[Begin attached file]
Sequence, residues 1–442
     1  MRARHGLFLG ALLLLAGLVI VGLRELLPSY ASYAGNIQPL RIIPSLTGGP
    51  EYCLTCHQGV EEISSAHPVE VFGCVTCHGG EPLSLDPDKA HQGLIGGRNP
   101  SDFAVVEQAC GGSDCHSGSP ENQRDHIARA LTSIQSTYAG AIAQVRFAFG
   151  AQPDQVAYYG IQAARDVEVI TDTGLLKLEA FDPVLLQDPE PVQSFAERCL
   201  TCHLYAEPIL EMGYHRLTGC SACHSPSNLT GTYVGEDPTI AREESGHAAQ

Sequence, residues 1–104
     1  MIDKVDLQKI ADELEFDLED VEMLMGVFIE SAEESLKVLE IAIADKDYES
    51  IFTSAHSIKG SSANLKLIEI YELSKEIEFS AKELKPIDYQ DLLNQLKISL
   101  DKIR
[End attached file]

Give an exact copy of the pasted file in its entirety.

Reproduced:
Sequence, residues 1–442
     1  MRARHGLFLG ALLLLAGLVI VGLRELLPSY ASYAGNIQPL RIIPSLTGGP
    51  EYCLTCHQGV EEISSAHPVE VFGCVTCHGG EPLSLDPDKA HQGLIGGRNP
   101  SDFAVVEQAC GGSDCHSGSP ENQRDHIARA LTSIQSTYAG AIAQVRFAFG
   151  AQPDQVAYYG IQAARDVEVI TDTGLLKLEA FDPVLLQDPE PVQSFAERCL
   201  TCHLYAEPIL EMGYHRLTGC SACHSPSNLT GTYVGEDPTI AREESGHAAQ

Sequence, residues 1–104
     1  MIDKVDLQKI ADELEFDLED VEMLMGVFIE SAEESLKVLE IAIADKDYES
    51  IFTSAHSIKG SSANLKLIEI YELSKEIEFS AKELKPIDYQ DLLNQLKISL
   101  DKIR